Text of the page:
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HomeAway IPO: 3 reasons to invest

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You can’t accuse HomeAway of lacking ambition. The Austin-based vacation rental company serves up dozens of travel booking Web sites around the world. “Our ambition is to make every vacation rental in the world available to every traveler in the world through our online marketplace,” the company writes in its S1 filing.

Ummm… that goal might be a little lofty, but here are three more realistic reasons to consider buying stock in the HomeAway IPO:

1) Lots of renters = lots of cash. HomeAway’s collection of 31 vacation rental sites bring in more than 9.5 million unique visitors every month. That was good for 220 million visits last year, and those Web surfers were able to sift through more than half a million possible vacation rentals. Apparently, a lot of those visitors convert into clients with HomeAway booking more than $168 million in sales last year. That was good for nearly $17 million in profit. Revenue spiked 31.9 percent over 2009 to $152.89 million. It’s nice to see a tech company that’s actually profitable when it files for an IPO, and that’s due in part to HomeAway’s subscription-based model.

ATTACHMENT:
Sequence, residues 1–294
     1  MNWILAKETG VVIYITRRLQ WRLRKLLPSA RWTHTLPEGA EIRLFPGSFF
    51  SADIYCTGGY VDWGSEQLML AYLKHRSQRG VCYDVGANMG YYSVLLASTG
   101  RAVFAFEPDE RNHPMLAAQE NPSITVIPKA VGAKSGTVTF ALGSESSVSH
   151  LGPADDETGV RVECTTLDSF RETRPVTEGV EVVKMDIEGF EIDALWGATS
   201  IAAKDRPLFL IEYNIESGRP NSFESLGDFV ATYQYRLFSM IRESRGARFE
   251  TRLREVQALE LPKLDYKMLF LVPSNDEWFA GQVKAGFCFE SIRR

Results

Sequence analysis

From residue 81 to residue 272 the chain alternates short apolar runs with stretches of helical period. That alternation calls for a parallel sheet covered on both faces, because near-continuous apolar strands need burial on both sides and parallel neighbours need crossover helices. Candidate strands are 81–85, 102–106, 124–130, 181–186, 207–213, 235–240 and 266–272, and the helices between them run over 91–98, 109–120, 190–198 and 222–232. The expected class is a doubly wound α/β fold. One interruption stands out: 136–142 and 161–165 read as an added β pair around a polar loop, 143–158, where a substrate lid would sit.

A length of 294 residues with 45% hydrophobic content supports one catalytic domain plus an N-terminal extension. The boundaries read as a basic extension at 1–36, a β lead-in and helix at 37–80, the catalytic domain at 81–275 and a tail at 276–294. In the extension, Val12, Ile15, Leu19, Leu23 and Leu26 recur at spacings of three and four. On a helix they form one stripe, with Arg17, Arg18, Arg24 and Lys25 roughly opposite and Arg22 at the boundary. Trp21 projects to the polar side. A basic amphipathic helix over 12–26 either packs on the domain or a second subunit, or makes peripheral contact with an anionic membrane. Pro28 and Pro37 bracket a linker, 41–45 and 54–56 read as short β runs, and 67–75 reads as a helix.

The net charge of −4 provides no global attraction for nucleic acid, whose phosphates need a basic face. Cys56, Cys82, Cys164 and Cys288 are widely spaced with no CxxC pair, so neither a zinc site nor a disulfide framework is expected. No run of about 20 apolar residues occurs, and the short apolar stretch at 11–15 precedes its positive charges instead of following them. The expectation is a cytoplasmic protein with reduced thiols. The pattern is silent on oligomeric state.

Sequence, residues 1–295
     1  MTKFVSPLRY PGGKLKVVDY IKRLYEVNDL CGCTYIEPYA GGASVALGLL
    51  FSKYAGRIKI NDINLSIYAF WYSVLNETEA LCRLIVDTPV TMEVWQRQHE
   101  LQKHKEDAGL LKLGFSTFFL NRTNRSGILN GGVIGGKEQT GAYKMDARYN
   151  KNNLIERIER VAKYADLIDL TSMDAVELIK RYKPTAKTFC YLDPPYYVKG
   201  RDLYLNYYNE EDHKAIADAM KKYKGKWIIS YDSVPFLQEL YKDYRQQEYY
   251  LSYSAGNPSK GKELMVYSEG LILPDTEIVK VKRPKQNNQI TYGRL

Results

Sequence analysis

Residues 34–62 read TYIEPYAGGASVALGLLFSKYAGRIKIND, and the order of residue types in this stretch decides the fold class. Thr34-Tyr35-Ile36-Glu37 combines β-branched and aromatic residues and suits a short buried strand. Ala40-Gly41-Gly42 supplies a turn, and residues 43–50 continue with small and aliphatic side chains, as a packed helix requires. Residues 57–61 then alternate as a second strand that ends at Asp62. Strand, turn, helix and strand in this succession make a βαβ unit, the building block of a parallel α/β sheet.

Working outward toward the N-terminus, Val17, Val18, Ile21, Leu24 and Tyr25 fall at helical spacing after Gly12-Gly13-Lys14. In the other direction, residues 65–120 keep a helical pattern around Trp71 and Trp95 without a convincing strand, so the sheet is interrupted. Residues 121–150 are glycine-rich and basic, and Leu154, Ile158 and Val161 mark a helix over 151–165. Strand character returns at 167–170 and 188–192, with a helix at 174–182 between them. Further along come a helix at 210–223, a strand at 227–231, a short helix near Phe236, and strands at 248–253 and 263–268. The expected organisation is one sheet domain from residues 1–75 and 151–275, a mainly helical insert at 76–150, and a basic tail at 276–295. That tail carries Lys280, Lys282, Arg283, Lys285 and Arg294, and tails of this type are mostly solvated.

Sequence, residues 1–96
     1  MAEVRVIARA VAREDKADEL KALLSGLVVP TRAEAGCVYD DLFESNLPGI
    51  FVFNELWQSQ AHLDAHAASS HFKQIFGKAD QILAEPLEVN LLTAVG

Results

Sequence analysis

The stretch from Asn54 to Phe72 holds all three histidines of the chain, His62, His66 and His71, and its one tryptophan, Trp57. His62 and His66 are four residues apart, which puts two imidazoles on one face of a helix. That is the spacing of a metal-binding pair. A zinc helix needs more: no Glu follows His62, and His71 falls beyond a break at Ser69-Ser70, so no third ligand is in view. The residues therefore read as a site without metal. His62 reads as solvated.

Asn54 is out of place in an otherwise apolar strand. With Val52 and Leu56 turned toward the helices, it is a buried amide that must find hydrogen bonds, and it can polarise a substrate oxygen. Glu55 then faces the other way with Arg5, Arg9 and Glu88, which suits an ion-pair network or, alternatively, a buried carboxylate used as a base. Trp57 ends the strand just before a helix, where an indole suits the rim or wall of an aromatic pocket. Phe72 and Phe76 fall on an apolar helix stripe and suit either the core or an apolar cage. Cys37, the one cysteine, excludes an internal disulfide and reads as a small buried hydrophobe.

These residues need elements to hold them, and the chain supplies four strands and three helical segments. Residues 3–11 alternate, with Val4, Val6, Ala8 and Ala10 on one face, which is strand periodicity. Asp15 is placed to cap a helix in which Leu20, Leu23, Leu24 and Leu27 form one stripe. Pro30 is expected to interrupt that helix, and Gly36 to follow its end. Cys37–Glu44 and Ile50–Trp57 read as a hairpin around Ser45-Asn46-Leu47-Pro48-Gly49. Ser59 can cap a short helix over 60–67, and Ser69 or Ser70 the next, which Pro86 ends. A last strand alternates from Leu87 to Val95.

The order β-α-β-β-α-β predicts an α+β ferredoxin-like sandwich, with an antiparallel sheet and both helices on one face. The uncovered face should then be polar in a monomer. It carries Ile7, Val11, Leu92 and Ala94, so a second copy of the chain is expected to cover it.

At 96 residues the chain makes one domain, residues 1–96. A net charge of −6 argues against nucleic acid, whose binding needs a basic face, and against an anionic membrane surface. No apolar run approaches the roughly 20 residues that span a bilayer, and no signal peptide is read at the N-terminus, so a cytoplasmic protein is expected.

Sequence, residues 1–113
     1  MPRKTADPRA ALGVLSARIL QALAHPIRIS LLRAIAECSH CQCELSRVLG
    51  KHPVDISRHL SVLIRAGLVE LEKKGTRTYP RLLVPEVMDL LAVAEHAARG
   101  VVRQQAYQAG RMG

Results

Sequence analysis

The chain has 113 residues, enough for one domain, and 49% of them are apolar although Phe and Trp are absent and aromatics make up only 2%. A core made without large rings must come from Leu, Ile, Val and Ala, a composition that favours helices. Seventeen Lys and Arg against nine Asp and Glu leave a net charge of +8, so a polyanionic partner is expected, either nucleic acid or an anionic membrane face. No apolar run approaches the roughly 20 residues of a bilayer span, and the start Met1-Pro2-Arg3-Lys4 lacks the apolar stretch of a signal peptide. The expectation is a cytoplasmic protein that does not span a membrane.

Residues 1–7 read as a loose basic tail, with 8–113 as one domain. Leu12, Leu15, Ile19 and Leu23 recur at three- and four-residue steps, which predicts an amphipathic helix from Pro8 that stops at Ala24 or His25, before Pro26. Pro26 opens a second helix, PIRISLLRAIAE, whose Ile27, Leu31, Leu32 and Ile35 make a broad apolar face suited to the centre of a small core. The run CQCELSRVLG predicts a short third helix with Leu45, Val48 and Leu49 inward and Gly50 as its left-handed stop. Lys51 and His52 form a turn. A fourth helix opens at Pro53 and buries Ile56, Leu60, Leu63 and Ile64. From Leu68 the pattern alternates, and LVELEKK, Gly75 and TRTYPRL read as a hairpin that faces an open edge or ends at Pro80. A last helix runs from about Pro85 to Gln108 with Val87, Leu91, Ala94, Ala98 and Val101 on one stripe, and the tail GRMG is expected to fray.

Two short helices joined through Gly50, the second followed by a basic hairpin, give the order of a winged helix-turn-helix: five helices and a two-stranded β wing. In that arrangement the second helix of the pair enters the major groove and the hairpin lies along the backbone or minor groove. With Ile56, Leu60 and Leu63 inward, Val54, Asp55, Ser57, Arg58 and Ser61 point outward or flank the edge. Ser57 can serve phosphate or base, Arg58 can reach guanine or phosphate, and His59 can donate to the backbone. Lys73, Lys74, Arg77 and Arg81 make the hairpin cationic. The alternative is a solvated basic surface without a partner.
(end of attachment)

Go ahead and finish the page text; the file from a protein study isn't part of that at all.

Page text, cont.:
2) Subscriptions ‘R’ Us. HomeAway makes the vast bulk of its cash (more than 91 percent) from renewal based subscription fees. Most property managers pay $329 per listing per year to be featured on HomeAway.com, HolidayRentals (UK) and HomeAway FeWo-direkt (Germany). It’s a business model that doesn’t rely on ad dollars but rather “highly predictable and profitable” subscription fees. Last year, more than 75 percent of HomeAway’s clients renewed their existing listings. That’s a good sign that HomeAway makes sense for property managers and travelers alike. And the renewal fees are easy money in the bank. They generated $51.5 million in free cash flow (per tnooz) last year.

3) If you can’t beat ‘em, gobble ‘em up. HomeAway’s rapid growth is thanks in no small part to the company’s aggressive acquisitions. Since launching in 2005, HomeAway has acquired 16 Web sites, the most recent of which came earlier this month when HomeAway announced it bought Australian vacation rental site Realholidays.com.au. RealHoliday’s will be absorbed by HomeAway.com.au bringing the total number of vacation rental listings on the Australian site to more than 125,000 (per TechCrunch).

All told, HomeAway lists more than nearly 525,000 vacation rentals in 120 countries. The company operates 31 Web sites in 11 languages including:

  • HomeAway.com (US)
  • VRBO.com (US)
  • VacationRentals.com (US)
  • HomeAway.co.uk (UK)
  • OwnersDirect.co.uk (UK)
  • HomeAway.de (Germany)
  • Abritel.fr (France)
  • Homelidays.com (France)
  • HomeAway.es (Spain)
  • AlugueTemporada.com.br (Brazil)
  • BedandBreakfast.com (Global)

Perhaps what I like best about HomeAway is its democratization of pricing for vacation rentals. By creating a broad and easily accessible marketplace for homes, the site is fostering more competition among property managers. That’s good for our pocketbooks as travelers – and it’s definitely good for HomeAway’s bottom line.

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